August’s Expert Advice- Bevan & Buckland
This month’s expert advice comes from Paul Arnold.
Paul Arnold is Tax Partner at Bevan & Buckland and specialises in assisting companies with their Research & Development (“R&D”) tax relief and Patent Box claims. Paul was previously the regional head of the R&D Tax Services at a Big 4 firm and is currently also a member of HMRC’s R&D Consultative Committee.
1. I understand there are generous tax reliefs available for companies that incur expenditure on R&D, how does this relief work?
Companies that incur expenditure on R&D are able to claim an enhanced tax deduction, and loss making companies may be able to claim actual cash from HMRC.
For example, an SME that incurs £100,000 on R&D could claim a £225,000 tax deduction. If profitable, this could reduce the company’s tax liability by at least an additional £25,000. If loss making, the company could claim tax free cash of approximately £25,000 – with the PAYE/NIC condition which previously applied now removed.
2. I have made an R&D claim and received these cash benefits so I do not need to consider this further?
Maximising an R&D claim can be complex as detailed knowledge of the scheme is required. In preparing an R&D claim it is vital that all qualifying projects and activities are identified, and all qualifying costs are claimed. I have assisted many companies re-submit R&D claims, with many of these amended R&D claims resulting in hundreds of thousands of pounds worth of additional cash benefits. One such claim increased the cash benefit received by the company by approximately £1m.
3. Would you carry out such a review on a wholly contingent basis?
Yes. If I do not identify additional cash benefits for the company there would be no charge.
4. I am an SME but the R&D activity is grant funded and therefore I understand I will not be able to claim tax free cash from HMRC. Is that correct?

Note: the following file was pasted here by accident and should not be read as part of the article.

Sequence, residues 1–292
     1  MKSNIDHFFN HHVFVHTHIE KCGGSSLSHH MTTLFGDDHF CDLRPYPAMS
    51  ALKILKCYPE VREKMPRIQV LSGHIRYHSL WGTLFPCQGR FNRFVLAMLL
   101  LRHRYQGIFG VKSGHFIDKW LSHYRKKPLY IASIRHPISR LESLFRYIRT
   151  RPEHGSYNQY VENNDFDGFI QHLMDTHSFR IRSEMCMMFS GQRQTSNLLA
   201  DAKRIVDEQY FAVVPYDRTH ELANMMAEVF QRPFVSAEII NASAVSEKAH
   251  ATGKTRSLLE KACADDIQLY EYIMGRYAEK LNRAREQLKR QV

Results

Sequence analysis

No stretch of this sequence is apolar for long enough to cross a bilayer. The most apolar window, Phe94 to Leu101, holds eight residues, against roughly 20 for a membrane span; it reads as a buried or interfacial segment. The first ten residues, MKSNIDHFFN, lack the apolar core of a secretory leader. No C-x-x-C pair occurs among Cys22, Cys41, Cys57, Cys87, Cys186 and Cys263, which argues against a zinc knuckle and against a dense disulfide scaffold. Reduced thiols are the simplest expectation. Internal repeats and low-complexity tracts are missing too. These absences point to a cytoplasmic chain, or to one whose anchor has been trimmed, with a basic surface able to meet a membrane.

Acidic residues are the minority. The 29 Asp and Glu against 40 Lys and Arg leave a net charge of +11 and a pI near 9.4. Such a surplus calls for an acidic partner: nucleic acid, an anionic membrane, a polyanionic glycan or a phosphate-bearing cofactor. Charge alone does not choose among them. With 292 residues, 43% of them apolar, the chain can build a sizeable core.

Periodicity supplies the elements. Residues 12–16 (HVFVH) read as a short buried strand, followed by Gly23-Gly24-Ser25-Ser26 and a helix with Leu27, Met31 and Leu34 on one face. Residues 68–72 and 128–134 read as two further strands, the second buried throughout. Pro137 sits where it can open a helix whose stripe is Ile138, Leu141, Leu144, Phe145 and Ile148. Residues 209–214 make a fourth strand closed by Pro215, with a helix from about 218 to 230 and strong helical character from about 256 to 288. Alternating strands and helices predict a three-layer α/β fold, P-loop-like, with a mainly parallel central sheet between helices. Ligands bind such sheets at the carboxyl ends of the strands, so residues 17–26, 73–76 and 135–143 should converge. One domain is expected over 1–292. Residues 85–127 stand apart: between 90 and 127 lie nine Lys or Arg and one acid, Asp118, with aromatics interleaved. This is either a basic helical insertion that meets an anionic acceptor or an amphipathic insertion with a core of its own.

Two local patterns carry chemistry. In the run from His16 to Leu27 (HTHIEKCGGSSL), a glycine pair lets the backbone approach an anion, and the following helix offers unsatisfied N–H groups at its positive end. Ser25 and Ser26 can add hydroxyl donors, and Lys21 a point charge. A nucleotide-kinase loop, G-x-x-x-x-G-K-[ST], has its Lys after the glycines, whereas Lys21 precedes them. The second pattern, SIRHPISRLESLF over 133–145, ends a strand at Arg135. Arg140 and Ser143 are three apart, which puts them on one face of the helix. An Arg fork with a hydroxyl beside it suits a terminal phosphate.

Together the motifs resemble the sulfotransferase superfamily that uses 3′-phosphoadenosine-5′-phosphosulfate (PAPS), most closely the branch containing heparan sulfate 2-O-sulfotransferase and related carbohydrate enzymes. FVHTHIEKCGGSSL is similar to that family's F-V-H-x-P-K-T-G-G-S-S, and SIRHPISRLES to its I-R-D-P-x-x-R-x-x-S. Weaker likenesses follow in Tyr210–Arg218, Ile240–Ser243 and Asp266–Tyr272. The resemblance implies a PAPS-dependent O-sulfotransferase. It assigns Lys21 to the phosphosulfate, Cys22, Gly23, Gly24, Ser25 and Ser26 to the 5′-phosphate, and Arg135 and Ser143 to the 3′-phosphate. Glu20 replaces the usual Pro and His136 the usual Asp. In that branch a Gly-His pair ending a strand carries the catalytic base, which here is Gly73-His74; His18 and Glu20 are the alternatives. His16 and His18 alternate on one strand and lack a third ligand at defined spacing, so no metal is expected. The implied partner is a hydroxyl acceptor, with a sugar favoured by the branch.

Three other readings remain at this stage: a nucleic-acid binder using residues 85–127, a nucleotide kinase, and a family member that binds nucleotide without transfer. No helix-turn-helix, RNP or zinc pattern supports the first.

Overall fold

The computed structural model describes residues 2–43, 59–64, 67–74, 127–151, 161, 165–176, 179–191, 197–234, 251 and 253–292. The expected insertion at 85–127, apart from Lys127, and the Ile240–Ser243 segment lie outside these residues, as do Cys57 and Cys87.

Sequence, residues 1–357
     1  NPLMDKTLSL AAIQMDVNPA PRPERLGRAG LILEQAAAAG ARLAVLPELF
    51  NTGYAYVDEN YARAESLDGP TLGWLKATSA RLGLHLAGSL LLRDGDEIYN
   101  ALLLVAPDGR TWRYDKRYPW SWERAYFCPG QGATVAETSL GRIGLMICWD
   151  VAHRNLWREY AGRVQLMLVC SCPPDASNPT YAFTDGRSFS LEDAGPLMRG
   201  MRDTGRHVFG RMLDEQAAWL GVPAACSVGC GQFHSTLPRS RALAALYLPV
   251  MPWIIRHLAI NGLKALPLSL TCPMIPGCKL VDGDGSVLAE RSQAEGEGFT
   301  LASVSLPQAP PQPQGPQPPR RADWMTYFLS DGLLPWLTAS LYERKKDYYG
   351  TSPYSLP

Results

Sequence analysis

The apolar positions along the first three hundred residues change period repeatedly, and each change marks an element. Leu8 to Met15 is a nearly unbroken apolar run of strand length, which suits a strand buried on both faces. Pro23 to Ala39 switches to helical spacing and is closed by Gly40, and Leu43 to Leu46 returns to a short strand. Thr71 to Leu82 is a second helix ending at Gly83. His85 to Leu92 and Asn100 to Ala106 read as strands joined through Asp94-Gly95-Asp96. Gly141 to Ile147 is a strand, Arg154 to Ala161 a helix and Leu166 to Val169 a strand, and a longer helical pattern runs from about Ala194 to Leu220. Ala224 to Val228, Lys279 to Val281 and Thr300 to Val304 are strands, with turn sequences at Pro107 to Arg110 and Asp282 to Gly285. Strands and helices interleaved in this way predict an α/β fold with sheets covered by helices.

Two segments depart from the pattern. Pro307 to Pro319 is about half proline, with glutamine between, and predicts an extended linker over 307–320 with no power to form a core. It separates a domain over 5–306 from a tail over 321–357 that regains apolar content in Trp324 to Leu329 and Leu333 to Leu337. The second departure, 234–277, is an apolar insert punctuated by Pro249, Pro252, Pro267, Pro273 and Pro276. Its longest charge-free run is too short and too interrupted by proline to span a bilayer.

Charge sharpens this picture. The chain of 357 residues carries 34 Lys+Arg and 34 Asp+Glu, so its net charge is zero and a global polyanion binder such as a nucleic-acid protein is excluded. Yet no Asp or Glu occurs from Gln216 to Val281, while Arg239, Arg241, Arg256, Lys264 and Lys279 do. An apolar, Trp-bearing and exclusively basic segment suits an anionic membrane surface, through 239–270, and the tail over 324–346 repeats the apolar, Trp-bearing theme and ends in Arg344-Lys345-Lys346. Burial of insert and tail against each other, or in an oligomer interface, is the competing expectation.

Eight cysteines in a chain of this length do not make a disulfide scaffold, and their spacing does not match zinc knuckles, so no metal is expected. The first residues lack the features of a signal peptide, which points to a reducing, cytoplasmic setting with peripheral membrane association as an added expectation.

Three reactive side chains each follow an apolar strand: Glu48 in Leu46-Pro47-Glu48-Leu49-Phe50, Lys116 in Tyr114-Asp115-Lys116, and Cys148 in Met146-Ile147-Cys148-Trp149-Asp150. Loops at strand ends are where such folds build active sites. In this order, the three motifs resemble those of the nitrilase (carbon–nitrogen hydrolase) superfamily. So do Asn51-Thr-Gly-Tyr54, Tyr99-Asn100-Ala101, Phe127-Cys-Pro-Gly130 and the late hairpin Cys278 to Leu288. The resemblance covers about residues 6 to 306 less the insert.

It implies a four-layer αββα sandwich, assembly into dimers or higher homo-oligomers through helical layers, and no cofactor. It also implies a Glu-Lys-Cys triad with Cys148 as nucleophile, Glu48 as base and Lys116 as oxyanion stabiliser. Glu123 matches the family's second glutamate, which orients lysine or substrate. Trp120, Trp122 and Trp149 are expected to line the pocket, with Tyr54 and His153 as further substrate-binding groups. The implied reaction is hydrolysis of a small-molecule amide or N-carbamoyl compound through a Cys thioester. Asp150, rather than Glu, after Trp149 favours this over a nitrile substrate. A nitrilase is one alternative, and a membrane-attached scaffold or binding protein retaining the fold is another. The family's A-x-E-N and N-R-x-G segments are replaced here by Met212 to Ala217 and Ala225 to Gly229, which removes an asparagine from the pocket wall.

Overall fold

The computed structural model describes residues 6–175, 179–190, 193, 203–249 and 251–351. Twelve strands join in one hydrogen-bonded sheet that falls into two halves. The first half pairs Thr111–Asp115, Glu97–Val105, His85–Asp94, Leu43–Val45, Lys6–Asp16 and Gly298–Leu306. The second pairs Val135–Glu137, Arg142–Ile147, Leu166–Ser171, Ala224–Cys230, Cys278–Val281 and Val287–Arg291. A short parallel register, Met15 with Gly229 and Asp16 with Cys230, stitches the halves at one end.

There has been a significant change to the large company scheme (under which grant funded projects are claimed). Since 1 April 2013 all loss making companies in receipt of grants (as can other companies claiming under the large company scheme) may be able to claim actual cash from HMRC, at a rate equivalent to approximately 8% of the qualifying spend.
5. Just to confirm, if I receive a grant the new rules will apply to me?
Yes. However, it is important to note that if a company is carrying on two projects, only one of which is grant funded, the unfunded project could be claimed under the more generous SME scheme. I often undertake a review of a company’s activities to assess whether it is carrying on more than one project under the tax definition of a “project”. This frequently results in a company claiming under both the SME and the large company schemes.
6. I will still need to move overseas to commercialise the IP won’t I?
The R&D tax regime has been extremely successful at encouraging companies to undertake their R&D activities in the UK. However, once developed, UK plc has been losing out because many companies have commercialised their IP overseas. A key driver for this has often been that the UK tax regime has been deemed to be uncompetitive.
However, on the 1 April 2013 the Government introduce the Patent Box, which applies a 10% effective tax rate to profits derived from qualifying patents. This should encourage more companies to commercialise their IP in the UK. For example, if a company develops a chip which is patented and integrated into a car, under the UK scheme the profits from the sale of the car itself (and not simply the chip) could qualify for the effective 10% corporate tax rate.